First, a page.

Another co-production, here between Azerbaijan, Germany and Georgia, is End of Season, a feature film by the Azeri filmmaker Elmar Imanov. Films from Azerbaijan are few and far, and this film on a contemporary urban topic is a welcome addition. The story focuses on the family of Samir and Fidan with their 18-year-old son Mahmud, who live a middle-class life in a large apartment block until suddenly the wife, Fidan, disappears. Her vanishing act highlights the fact that really, the husband, wife and son know fairly little about each other and have no time for each other. The disappearance brings to the fore how suspicions arise from this lack of knowing the other person: does the wife have a lover, as the husband suspects, or has she really had an accident, almost drowning in the sea and suffering from memory loss upon being rescued by fishermen? The film raises questions without necessarily providing clear answers. The strong performance of the lead actors maintains the ambiguity of motivations. The images of suburban housing in Baku are juxtaposed with views of the beach and the Caspian Sea. At the opening and in the finale, these housing blocks become actors in their own right, animated through light in the windows and replaced by drawn lines, as the music of Nena’s 1983 hit “99 Luftballons” (99 Red Balloons) sounds, reminding us of the peace movement of the early 1980s against the deployment of missiles in Europe and the fear of physical devastation. Indeed, the balloons, mistaken in the lyrics for enemy fighter jets that wreak destruction, echo Fidan’s disappearance: her husband Samir sees the shadow of a rival when trying to find an explanation for her disappearance just as she is considering accepting a job in Germany.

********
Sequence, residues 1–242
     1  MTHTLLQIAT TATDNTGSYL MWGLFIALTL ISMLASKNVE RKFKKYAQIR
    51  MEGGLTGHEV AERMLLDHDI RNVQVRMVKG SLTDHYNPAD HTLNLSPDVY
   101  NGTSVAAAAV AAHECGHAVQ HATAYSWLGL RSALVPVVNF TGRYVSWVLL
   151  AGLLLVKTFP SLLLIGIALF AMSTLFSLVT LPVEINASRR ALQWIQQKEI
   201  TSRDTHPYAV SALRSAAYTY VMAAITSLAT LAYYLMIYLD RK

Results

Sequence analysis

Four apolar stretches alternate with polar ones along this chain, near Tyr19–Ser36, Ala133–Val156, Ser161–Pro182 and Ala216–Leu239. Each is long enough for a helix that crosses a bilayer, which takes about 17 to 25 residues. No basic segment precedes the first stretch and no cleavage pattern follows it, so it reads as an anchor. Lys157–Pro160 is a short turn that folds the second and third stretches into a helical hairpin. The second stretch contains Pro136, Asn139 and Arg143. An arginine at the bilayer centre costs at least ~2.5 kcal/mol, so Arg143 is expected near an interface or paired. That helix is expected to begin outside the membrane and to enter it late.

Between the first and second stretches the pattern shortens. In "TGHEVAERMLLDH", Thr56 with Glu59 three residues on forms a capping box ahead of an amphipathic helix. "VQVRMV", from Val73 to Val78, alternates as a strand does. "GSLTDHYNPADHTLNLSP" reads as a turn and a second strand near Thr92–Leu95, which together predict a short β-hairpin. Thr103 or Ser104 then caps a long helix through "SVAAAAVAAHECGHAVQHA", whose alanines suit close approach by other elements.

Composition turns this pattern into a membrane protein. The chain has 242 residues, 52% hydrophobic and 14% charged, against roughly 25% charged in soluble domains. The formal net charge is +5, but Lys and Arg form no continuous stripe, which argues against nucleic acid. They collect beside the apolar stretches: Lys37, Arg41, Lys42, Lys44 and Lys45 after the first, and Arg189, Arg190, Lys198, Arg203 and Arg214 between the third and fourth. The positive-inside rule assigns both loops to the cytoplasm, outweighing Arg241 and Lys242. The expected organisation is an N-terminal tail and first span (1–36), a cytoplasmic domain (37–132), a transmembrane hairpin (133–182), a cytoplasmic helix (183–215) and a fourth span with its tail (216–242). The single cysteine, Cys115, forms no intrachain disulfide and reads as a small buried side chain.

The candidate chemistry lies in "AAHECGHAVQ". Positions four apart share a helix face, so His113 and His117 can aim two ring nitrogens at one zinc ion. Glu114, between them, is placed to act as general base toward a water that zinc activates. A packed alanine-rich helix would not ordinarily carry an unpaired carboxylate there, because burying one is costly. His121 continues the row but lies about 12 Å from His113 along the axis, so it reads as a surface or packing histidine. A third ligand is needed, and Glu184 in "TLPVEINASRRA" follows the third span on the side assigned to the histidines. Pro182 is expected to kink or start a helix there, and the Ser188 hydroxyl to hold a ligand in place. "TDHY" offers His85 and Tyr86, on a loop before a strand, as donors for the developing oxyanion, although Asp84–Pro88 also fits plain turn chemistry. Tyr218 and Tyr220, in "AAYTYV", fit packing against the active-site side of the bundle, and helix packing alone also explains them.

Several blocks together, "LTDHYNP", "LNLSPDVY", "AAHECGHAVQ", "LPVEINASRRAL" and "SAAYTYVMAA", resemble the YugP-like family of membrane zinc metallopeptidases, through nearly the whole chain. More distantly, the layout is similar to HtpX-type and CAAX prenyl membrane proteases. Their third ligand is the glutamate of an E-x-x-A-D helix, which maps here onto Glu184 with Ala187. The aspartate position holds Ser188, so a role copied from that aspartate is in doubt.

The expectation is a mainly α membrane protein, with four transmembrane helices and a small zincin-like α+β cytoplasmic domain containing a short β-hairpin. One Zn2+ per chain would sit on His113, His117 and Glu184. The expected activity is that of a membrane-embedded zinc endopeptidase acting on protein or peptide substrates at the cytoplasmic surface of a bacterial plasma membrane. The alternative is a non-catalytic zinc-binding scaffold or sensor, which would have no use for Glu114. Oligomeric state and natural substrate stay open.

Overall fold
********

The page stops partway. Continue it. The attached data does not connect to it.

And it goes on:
The Czech-Slovak co-production Moments (Chvilky), which first screened in Karlovy Vary’s East of the West competition, is a strong debut by Beata Parkanová. It tells about the young Anežka, who cares for her parents and grandparents and everybody around, but not for herself. She absorbs everything, but is unable to articulate her own wishes or problems, as is evident when she turns to a psychiatrist for help and remains speechless. She has built up a façade that she cannot drop, maybe because there is nothing behind, and maybe because she is afraid of looking at herself. In this sense, she belongs to a generation that has become used to resolve others’ problems but never looks inside, maybe for fear of discovering a void, or one of the conditions (dementia, alcoholism, psychiatric disorders) that affect her family. In a sense, the viewer wants to know more about her character, but is – often frustratingly, but consistently – denied access.